Sisters of Loretto sign historic conservation agreement

Beggartick flowers can be seen on the Motherhouse Farm. (Photo Special to The Record by Susan Classen)

The Sisters of Loretto in Nerinx, Ky., signed an agreement Jan. 18 with the Bluegrass Land Conservancy that will conserve more than 650 acres of the congregation’s property.

The land, known as the Motherhouse Farm, surrounds the Motherhouse just north of Loretto, Ky., and includes farmland, streams, forests and grasslands. The space is “known for its natural beauty and historic significance,” said a joint press release from the Loretto Community and the Bluegrass Land Conservancy.

The conservation easement will “maintain the Motherhouse Farm’s open and scenic beauty and agricultural uses; protect the property from new residential and commercial structures that would substantially interfere with its scenic, open rural character, woodlands, watersheds, streams and farmland; and protect the congregation’s working farmland in perpetuity,” the release said.

The Sisters of Loretto have been stewards of the 788-acre Motherhouse property since 1824, when the founding sisters moved to Nerinx from St. Charles, Ky. The acreage includes woods, lakes, cropland, pasture land, native grasses and wildflowers. The farm has two full-time farmers and produces beef products to sell, according to the community’s website.

In 2012, 75 acres of the land were enrolled in the national Conservation Reserve Program. The community planted hardwoods, pollinator habitats and native grasses on the property.

Loretto President Sister Barbara Nicholas said, “The Loretto Community has long been committed to caring for Earth.”

A freshly mown path can be seen cutting across one of the fields on the Motherhouse Farm. (Photo Special to The Record by Susan Classen)

“Pope Francis reminds us in (his encyclical) ‘Laudato Si’ ’ that we as humans are not separate from nature but are part of nature,” she said. “It is our responsibility to protect our sacred Motherhouse lands; doing so ensures that these waters, forests and grasslands will be protected into perpetuity, providing cleaner water and air for all.”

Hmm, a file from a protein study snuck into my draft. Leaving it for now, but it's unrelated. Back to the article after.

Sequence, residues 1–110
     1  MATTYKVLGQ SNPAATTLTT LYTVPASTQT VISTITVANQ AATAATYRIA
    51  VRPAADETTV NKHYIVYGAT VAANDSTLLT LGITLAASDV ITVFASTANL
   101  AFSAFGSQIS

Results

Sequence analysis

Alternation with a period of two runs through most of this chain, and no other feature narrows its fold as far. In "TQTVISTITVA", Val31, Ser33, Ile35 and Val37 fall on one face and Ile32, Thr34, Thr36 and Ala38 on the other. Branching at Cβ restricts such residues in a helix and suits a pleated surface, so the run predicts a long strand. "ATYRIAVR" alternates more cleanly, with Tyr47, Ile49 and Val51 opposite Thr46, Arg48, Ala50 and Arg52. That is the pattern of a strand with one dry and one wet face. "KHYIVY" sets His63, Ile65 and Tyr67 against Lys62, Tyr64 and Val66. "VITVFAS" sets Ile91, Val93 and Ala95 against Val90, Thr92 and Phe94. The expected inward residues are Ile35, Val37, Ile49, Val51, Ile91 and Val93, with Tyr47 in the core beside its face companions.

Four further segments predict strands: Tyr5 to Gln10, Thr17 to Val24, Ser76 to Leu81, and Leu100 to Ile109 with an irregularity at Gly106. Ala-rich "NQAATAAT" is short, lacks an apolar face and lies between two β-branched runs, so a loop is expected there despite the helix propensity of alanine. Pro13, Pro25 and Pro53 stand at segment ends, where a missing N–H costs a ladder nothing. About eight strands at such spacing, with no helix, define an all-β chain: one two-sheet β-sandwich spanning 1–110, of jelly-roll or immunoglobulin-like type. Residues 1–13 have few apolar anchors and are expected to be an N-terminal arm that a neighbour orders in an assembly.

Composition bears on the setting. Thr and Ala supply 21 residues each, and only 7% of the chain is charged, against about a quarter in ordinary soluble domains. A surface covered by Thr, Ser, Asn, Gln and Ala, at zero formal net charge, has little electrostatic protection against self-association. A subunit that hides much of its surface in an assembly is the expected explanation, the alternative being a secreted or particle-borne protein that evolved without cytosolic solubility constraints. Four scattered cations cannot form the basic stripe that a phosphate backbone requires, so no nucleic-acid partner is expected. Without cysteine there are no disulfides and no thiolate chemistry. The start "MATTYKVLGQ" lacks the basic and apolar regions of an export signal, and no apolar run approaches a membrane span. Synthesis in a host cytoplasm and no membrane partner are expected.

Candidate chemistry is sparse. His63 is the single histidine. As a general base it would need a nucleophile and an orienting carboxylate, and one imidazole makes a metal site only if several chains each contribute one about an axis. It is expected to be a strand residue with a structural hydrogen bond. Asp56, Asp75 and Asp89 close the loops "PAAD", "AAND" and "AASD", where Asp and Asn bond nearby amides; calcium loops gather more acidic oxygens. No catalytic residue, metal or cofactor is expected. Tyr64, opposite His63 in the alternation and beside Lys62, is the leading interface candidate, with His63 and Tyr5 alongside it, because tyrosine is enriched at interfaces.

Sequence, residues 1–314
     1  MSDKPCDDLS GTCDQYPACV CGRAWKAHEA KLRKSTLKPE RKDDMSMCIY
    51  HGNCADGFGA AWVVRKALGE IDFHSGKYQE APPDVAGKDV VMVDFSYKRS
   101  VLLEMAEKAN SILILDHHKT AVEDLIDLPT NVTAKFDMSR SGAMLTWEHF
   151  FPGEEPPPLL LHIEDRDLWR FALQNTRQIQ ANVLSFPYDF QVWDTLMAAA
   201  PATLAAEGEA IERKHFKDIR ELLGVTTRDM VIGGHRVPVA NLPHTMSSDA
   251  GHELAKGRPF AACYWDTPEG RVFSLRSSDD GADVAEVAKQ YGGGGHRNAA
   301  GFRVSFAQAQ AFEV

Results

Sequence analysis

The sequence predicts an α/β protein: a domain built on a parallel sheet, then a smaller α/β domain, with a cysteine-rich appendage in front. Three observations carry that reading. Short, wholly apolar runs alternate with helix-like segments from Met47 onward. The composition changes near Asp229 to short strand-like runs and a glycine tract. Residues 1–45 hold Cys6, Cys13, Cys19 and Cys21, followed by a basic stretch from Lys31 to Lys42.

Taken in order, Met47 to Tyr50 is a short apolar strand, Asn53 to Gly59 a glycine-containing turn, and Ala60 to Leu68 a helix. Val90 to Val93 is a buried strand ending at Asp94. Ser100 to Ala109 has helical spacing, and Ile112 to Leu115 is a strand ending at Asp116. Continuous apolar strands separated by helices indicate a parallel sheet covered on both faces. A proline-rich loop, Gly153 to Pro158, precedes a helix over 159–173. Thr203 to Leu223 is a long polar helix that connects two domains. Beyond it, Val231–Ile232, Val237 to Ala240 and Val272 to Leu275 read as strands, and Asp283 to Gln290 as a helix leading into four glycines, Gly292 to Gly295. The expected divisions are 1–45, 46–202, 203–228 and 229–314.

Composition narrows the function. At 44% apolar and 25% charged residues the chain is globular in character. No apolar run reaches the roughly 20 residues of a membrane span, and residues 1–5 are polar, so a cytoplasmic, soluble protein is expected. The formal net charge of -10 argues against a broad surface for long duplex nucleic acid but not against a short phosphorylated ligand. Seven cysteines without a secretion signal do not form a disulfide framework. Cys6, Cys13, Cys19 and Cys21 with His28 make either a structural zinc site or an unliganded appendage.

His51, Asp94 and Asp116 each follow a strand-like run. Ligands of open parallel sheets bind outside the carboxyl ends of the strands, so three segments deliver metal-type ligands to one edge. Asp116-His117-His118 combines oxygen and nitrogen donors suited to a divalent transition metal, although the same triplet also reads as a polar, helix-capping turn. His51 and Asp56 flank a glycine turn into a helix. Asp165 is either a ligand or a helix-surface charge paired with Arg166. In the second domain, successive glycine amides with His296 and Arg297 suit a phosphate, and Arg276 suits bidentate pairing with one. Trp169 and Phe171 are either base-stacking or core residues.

The Loretto Community said it has been working on conservation for four decades. Three goals have guided conservation efforts at the Motherhouse: to protect undisturbed spaces, to regenerate degraded spaces and to mitigate and reduce carbon emissions.

Agricultural land is disappearing across the country, making way for development, the Loretto Community said in the release.

As that happens, “Biodiversity is decreasing, waterways are being contaminated, and wildlife corridors are being broken up,” said Loretto Co-member Jessie Rathburn, who serves as the Loretto Community’s Earth education and advocacy coordinator. “The Loretto Community not only values ecological health and regeneration, but understands that we have a role to play in bringing about healing to this larger system. Protecting our Motherhouse farmland not only ensures an agricultural future for these lands, but contributes to healthy soils, forests and watersheds, and provides habitat for many species.”

The Bluegrass Land Conservancy enters into voluntary, legal conservation agreements with landowners. According to the release, the agreements are tailored to the landowner’s objectives to conserve the land for agricultural and other open-space activities, ensuring that the land’s resources are protected for future generations.

“The Loretto Community has paved the way for religious groups in Kentucky, and perhaps nationwide, to protect these significant agricultural and religious resources,” said Ashley Greathouse, director of conservation for the conservancy. “We have learned so much about the Sisters’ culture of conservation and sustainability during this process and we look forward to a long relationship with the Sisters as we steward the Loretto Motherhouse Farm in perpetuity.”

Yellow coneflowers can be seen on the Motherhouse Farm. The Loretto Community recently signed an agreement with the Bluegrass Land Conservancy that will conserve more than 650 acres of the congregation’s property. (Photo Special to The Record by Susan Classen)

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